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Magic at its deepest, its most impenetrable

by David Haber

At the end of Harry Potter and the Prisoner of Azkaban, Dumbledore describes the life that Peter Pettigrew owes Harry as "magic at its deepest, it's most impenetrable". But who else the in Harry Potter books might owe Harry a life ? And are life and Unbreakable Vows related?

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Reader Comments: (Page 14)

Mmm... Snape did his part of the vow... He did protect Malfoy. And he did finish Malfoy's duty...
but he never said what duty he would fulfill... and he never said when... think about it. Do you think Malfoy had just one duty? Snape could've do one of all duties Malfoy had... And with doing one of all his duties he fulfilled one part of his part of the vow.;)
so i don't think dumbledore is ... there's just too many diferent things in Dumbledore's than in all the others.

Posted by eddy from Monterrey,NL, Mexico on March 23, 2007 6:13 PM

Patty from Quincy,
The idea of the life is interesting, but it seems to me that if Snape had turned spy before James and Lilly's he would have already provided the "iron clad" reason to be trusted. I don't think a life seems so iron clad when Snape apparently betrayed his to Lilly and James. Why would transferring the to Harry mean that he was going to fulfill his this time? And to answer your rhetorical question: sometimes eaters do care about who s at Voldemort's hands. Some eaters are crazy or at least heartless, but they are all still human and some seem to regain their conscience along the way.

Eddy from Monterrey,
I think it is clear that Draco's one duty was to Dumbledore, and that Snape's vow has been fulfilled since he completed the duty for Draco. I agree that Dumbledore's was a major blow to those who oppose Voldemort, but I don't think that's a reason why he "must" come back to life. I think it simply serves to make us appreciate his life all the more. I mourn Dumbledore and I let him go.

Posted by Mac The Badger from New Orleans, LA on March 24, 2007 06:32 AM

Mac the Badger,
I'm not completely sure on the nature of life s, but I think if you violate one, you suffer consequences, probably for the rest of your own life. For this selfish reason it is in Snape's best interest to transfer the to Harry so he has another chance to make good on it.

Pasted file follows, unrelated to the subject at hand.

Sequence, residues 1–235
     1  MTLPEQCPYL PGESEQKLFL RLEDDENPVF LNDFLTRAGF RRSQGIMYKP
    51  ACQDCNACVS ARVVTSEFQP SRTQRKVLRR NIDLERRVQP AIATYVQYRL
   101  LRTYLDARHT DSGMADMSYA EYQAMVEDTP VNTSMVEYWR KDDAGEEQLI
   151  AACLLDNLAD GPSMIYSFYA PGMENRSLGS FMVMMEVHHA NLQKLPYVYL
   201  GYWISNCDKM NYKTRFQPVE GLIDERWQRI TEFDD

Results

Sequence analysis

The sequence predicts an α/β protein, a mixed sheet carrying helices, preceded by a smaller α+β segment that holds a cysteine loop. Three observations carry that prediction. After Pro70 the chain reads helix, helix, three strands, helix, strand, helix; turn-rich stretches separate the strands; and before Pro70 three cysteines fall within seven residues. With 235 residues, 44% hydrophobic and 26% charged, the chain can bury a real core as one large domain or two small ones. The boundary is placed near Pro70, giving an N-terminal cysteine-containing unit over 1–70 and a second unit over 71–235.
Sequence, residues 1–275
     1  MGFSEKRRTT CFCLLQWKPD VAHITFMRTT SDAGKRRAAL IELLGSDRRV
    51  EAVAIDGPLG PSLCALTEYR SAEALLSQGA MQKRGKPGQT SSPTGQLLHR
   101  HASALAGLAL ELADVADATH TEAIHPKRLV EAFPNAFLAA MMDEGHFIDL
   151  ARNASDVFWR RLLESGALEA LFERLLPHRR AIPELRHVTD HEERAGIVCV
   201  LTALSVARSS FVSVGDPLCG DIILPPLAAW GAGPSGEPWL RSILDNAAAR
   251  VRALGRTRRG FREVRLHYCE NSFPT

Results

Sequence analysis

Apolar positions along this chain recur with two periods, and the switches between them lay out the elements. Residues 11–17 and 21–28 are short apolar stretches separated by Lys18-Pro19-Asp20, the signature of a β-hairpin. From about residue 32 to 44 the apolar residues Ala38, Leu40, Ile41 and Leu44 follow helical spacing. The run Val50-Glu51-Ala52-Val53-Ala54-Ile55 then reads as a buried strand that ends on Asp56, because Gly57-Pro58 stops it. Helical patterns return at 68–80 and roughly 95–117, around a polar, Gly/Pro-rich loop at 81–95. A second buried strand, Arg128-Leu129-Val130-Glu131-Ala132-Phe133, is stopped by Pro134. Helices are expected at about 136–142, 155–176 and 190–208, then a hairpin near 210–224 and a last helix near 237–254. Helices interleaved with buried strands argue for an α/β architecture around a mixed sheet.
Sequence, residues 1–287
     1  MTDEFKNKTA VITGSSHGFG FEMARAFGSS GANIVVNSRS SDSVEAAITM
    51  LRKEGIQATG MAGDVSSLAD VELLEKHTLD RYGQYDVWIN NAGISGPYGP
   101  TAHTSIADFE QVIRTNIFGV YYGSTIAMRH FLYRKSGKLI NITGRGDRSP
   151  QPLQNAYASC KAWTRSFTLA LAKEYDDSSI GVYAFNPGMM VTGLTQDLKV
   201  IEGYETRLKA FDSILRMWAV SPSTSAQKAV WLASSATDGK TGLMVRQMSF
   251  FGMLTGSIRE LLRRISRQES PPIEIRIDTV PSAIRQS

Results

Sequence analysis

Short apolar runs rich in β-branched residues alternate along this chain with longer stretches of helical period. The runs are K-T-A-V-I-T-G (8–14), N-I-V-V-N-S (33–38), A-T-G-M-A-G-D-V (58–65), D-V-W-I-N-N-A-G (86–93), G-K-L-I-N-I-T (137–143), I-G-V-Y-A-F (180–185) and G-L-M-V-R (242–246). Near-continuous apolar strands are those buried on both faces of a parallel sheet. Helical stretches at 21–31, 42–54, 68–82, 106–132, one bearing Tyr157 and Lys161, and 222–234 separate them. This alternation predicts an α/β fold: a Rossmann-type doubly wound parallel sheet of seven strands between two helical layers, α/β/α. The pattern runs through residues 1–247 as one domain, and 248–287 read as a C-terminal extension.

I don't see Snape as the type of eater to sob over a victim, unless he was in love with Lily as others have commented on. But to my reading, it is more likely there is another reason than the one Dumbledore gave Harry about why Snape changed sides after the attack.
Maybe Snape was not working for Dumbledore before he snitched to Voldemort, but I tend to think he was and he was using the invisibility cloak to spy. In this scenario I think Dumbledore had a qualified trust in Snape, and when the life was transferred to Harry the trust became ironclad.

Posted by Patty from Quincy MA on March 24, 2007 10:23 AM

I am not sure that I agree that it "was obvious that Draco had one duty - to Dumbledore" as someone else suggested. I have often wondered about the Spinners End chapter. We saw Bellatrix and Narcissa enter Snape's house. We saw them talk; Narcissa with much sobbing and pleading. We then saw Snape head to the window. I think he may have been using legillmecy against the sisters in order to figure out what they wanted. It isn't until after he comes back from the window that he says he knew of the plan. But the plan is never mentioned out loud so we don't really know what the true plan was, do we? We all assume it was to Dumbledore because at the end he s. As someone else suggested, it could have been to figure out how to let the Eaters into the castle. Draco seemed to be spending and innordinate amount of time in the Room of Requirement fixing the vanishing cabinet. I think the plan of Snape ing Dumbledore was an alternate plan only between Snape and Dumbledore.

Posted by Kim from Manchester on March 25, 2007 6:01 PM

Kim from Manchester,

I have just finished re-reading all the books, and to me, Draco's task is, without a doubt, to Dumbledore. Albus mentioned to Draco that he knew he (Draco) had tried to him with the necklace, which landed Katie bell in St Mungo�s, and with the bottle that Slughorn was going to offer Dumbledore, but opened with Harry and Ron instead, nearly ing Ron.

So it is clear that Dracos intentions where to Dumbledore, and the "vanishing cabinet" in the room of requirement was going to be used to bring Eaters in as a diversion and also as a means for Draco to escape, but did not count on the DA�s and Aurors to be blocking their retreat to the "room of requirement".